This article is more than 4 years old

An exit from engagement

Phil Pilkington considers the role that universities played in the EU referendum
This article is more than 4 years old

Phil Pilkington is an Honorary Teaching Fellow at Coventry and Deputy Chair at Middlesex University SU

Was there a civic failure by universities prior to the EU referendum, and in the immediate aftermath?

Where there was a strong vote to leave the EU, could universities have done more to explain the consequences of the damage to them and their communities? Some would say that direct advice from employers about the impact to their employees made no difference. Some blame charity law. And anyway, universities would have been put into the grouping excoriated by Michael Gove – that we had had enough of experts.

Antipathy towards universities had been growing in towns and cities in England where there was angst that they were left behind, dislocated from their traditional customs of work and habitat over the long term. But universities could have made a strong case before the referendum for remaining in the EU, especially where universities are important in supporting the local economy and manufacturing. Perhaps this neglect of the civic and public was out of misplaced optimism over the referendum outcome. Perhaps it was the pusillanimous focus on self-interest and not the common good.

They did get it wrong

The misunderstanding that brought about the result could be outlined as follows: the effects of fiscal austerity on public services is in effect a result of too much demand on services by immigrants; the loss of manufacturing as a Brussels plot; an existential cry by the proletariat turned precariat reduced by a deeper alienation of helplessness, as representation is reduced to the point of being invisible; a lack of understanding about the world with the strange behaviour of clutching at an imperial past and a misplaced nostalgia – we won the war standing alone, and we can do it again.

The lumpenised proletariat reaction appears almost measured against the paradox of the well-educated and privileged elite who portrayed themselves as enemies of the elite. There should be no charge of hypocrisy against that elite that forged the Brexit result. It was deceit for gain. There should be, however, a charge against those who ‘educated’ them. Did all those firsts and upper seconds in PPE really produce this outcome?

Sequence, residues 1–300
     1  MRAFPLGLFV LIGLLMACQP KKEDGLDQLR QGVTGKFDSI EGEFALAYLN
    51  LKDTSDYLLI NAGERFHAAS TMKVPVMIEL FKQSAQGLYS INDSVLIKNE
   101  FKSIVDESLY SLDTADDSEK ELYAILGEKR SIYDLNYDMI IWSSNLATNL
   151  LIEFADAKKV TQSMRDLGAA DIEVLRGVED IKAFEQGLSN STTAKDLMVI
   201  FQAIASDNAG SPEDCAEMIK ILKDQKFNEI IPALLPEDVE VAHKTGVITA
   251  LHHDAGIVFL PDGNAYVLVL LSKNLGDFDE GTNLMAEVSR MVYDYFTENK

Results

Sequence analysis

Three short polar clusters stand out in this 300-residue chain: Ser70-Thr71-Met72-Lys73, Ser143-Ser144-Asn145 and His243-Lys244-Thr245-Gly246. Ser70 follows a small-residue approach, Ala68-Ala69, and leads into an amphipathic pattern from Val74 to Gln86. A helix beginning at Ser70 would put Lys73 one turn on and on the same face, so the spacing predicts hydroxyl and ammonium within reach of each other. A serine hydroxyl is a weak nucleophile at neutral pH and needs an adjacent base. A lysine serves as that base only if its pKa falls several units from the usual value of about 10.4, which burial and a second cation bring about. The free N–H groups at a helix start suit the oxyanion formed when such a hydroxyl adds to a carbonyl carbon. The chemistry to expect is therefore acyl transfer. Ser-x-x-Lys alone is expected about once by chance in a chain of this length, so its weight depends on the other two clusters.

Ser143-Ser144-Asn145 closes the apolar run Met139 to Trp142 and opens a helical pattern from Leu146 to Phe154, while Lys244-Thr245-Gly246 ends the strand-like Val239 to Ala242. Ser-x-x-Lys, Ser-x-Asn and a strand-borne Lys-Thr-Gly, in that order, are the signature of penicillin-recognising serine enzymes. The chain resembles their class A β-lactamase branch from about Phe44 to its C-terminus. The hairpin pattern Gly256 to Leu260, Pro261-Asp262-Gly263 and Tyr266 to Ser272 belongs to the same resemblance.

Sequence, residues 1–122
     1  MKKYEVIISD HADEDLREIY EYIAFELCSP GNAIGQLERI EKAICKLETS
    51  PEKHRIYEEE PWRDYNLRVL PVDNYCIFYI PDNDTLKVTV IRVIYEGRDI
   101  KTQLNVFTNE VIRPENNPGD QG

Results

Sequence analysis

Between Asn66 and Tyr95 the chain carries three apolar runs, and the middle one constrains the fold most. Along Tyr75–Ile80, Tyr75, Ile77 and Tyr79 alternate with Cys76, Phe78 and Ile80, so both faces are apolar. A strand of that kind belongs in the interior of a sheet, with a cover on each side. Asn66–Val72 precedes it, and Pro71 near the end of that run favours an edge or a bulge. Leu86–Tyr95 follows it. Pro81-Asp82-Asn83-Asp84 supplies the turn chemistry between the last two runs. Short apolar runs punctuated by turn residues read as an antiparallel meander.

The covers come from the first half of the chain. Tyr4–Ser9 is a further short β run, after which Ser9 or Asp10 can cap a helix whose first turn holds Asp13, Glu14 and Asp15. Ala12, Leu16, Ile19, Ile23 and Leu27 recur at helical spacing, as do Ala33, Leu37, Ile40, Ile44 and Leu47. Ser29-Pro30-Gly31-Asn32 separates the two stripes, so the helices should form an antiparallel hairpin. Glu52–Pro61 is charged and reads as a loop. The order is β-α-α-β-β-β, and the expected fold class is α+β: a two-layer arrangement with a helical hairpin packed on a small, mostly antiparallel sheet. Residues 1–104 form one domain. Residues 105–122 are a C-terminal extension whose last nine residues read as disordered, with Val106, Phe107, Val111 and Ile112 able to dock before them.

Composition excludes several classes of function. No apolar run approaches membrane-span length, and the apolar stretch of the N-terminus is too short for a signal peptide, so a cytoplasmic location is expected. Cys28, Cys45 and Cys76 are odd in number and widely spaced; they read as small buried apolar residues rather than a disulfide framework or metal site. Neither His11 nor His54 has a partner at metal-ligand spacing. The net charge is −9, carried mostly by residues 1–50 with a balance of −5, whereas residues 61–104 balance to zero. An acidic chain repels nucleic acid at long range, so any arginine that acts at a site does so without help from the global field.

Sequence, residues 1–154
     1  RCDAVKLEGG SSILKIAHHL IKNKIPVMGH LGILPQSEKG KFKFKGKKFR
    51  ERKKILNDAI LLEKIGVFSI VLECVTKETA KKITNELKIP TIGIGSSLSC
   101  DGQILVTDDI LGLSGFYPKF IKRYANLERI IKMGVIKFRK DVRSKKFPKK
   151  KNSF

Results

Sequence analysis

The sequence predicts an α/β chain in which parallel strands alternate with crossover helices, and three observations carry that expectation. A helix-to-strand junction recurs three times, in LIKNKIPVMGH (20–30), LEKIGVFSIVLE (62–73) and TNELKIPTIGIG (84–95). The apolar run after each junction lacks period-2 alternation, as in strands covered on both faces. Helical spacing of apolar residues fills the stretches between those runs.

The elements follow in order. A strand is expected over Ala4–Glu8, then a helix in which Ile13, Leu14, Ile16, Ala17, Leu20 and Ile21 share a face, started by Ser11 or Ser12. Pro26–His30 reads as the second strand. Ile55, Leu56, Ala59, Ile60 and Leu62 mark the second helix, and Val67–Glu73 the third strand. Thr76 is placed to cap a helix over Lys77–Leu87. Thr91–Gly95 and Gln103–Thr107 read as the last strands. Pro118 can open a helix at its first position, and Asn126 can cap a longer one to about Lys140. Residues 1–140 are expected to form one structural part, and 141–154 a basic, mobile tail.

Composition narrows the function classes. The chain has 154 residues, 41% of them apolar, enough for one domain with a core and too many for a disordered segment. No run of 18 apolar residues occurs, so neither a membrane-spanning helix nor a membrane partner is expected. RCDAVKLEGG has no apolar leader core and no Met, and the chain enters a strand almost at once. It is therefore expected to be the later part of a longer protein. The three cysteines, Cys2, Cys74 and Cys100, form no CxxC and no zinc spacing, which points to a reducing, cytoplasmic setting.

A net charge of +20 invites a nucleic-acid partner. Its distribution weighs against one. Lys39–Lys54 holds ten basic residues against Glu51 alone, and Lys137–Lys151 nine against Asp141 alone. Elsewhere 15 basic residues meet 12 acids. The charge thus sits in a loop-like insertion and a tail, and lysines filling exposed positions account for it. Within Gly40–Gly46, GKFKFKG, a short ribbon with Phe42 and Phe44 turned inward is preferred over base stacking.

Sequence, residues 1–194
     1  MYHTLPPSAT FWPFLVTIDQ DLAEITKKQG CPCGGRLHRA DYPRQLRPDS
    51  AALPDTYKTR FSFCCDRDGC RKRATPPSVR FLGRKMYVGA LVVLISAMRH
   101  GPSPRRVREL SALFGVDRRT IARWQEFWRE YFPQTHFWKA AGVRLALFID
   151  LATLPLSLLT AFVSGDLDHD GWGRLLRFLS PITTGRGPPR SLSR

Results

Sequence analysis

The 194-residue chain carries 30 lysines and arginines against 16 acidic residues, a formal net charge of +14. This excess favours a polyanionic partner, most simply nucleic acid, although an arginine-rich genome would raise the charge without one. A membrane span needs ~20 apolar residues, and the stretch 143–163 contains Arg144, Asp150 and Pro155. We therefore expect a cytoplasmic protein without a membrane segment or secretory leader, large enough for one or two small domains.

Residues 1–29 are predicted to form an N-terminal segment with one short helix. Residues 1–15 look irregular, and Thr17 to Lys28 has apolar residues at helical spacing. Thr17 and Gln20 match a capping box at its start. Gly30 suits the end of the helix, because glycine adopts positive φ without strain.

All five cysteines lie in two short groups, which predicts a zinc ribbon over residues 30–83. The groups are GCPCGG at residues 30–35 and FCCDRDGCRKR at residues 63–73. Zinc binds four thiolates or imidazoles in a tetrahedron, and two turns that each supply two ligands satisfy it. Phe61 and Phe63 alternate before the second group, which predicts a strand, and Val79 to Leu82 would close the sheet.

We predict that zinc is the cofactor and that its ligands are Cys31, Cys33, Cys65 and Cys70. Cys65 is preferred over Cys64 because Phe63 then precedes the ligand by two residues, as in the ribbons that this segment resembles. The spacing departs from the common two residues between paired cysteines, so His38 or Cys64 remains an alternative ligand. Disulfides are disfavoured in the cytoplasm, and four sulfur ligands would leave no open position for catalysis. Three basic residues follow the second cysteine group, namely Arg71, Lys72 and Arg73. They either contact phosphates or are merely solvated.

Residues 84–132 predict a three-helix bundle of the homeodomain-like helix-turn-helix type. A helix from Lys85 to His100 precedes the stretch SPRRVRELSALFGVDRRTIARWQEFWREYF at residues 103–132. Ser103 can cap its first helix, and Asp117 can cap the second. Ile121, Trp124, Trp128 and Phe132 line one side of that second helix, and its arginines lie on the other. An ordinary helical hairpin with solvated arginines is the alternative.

Universities able to exist with profound misunderstanding flowing around them ought to cause some concern, even of conscience, that a contribution to the outcome was neglect. Universities have public duties to help us to understand the world, and ought to acknowledge where there are dangers of a mass lack of understanding of it. Perhaps marketisation means that keeping away from controversy is advantageous. But it could be self-defeating when the lineaments of a critical structural failure in the body politic emerge, and the universities do little but raise their voices about themselves.


The hard sciences are big and expensive, and UK universities have been the big hitters for gaining research funding. But the allocation of funding from Europe for research has been to a small and elite section of universities. The top ten universities gained half the funding, and a long tail of 100 gained the rest. Was our culture of institutional competitiveness unhelpful in making a sector-wide case for remaining in the EU?

The extent of the interconnectedness of research, mobility of staff and students across Europe shows that the deeper and more intimate the relationships are, then the more damaging the rupture with Europe will be. Scientific papers are more likely to be collaborative across institutions and countries. But funding won by UK universities in competitive bidding cannot can be compensated by UK funding. Funding cannot overcome the isolationism which will be a fait accomplis of Brexit. That complexity and range of research funding from Europe was never expressed.

Away from research, several universities have made successful bids for European infrastructure funding – with multiplier impacts on local businesses, employment and capital investment for the locality for the long term. This was a commitment to the public utility of a university in a significantly deprived area. But the impact of funding on local economies was never made clear, other than the odd EU logo stuck on a building site. The disproportionate EU support in Wales for infrastructural projects had no impact on the final outcome – suggesting that an intervention in this political maelstrom might instead have made a difference.

Time to put things right

There is an irony that UK universities have signed up to and continue to add their names to the Magna Charta Universitatum which was drafted and agreed at Bologna University on the millennium of its existence. The Charta states on the subject of research collaboration: “Universities – particularly in Europe – regard the mutual exchange of information and documentation and frequent joint projects for the advancement of learning as essential to the steady progress of knowledge”.

Whatever the outcome of negotiations with the EU on the UK’s exit, there will be a role for universities to play: to overcome bigotry, ignorance, fear, anxieties about the future and the importance of the well-being of the community that surrounds them. Whether they choose to play that role is another question.

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